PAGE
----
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How to calculate a trapeze/ pendulum's arc distance

  1. Nov 18, 2013 #1
    1. The problem statement, all variables and given/known data

    This is an update to an earlier post. Since then, I now understand that a pendulum stops when its tension force= mg sin(theta)--because then centripetal force will=0, so velocity will be 0. However, now I am trying to determine how a trapeze would work on the moon.


    2. Relevant equations

    KE=1/2 mv^2
    PE= mgh
    T=2π√(L/g)
    Fc=mv^2/r
    Ft=Fc-mg sin(theta)
    KE (initial) + PE (initial) = KE (final) + PE (final)


    3. The attempt at a solution

    Drawing a free body diagram, I determined that when an object peaks during its swing the following is true: Because the object is stopped, Fc=0. Because Fc=0 and the radius and mass are supposedly constant, velocity must=0. (That also means that it is 100% PE). Because Ft - mg sin (theta) = 0, then Ft= mg sin (theta). I am trying to determine what sin (theta) is, because then I can determine the length of the swing on the moon. However, I do not know how to determine Ft so I thought I would try using the other method while using T=2π√(L/g). However, I do not know how I can use the time to determine the length of the arc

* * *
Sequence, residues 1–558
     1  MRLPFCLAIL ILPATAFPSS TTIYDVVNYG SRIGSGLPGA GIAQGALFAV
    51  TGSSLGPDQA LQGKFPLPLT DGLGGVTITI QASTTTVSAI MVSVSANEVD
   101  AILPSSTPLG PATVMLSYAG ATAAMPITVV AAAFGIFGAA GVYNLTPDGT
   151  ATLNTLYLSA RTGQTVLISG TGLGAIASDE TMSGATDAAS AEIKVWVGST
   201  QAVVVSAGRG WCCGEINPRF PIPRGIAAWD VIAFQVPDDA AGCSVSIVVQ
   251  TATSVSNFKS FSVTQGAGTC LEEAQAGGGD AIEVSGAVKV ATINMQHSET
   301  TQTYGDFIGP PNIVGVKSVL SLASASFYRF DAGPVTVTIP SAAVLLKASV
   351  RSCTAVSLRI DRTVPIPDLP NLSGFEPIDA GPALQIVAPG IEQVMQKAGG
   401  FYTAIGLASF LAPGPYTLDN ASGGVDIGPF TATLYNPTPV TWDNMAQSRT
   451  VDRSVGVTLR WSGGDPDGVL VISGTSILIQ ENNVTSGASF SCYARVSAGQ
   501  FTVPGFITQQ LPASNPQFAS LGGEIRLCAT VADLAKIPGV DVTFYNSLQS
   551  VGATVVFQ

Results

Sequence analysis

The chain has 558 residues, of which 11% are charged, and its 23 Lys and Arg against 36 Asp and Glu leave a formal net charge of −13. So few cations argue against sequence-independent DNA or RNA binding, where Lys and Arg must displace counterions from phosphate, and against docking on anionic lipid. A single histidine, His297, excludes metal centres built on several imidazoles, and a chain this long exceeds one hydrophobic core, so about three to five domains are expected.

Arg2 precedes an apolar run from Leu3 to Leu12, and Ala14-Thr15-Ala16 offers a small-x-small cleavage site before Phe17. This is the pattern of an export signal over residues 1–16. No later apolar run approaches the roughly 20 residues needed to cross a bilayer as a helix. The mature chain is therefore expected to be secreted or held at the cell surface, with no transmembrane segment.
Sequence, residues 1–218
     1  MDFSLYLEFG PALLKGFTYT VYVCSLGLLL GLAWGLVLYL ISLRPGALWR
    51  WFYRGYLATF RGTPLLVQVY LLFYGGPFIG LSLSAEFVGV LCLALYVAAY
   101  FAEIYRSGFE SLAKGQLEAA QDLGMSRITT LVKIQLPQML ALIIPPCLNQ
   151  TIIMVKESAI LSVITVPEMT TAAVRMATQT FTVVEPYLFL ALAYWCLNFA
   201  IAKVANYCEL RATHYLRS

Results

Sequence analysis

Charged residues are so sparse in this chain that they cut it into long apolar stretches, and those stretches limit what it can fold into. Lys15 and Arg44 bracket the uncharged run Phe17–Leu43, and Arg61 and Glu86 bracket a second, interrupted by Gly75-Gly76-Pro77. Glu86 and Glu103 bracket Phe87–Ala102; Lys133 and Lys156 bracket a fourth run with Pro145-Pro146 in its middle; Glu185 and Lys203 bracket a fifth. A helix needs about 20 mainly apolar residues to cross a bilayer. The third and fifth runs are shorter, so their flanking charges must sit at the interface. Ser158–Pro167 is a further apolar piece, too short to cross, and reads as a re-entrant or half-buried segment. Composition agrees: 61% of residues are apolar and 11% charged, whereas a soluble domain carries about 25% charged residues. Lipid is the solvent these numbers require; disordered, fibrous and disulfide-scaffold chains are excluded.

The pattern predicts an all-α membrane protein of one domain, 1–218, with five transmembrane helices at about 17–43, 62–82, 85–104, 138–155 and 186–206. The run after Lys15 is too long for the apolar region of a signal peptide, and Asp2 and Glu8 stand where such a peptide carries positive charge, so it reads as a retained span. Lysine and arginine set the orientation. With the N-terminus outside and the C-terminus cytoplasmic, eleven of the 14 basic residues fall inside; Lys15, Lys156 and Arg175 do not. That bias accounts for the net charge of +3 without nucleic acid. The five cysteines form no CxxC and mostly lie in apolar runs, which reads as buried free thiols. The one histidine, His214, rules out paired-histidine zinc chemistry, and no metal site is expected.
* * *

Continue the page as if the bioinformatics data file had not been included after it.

Thanks so much
     
  2. jcsd
  3. Nov 18, 2013 #2
    The amplitude (length of swing) depends on how fast the pendulum was pushed to begin with, i.e., its speed when it is at the lowest point. That, and conservation of energy, result in a particular amplitude.
     
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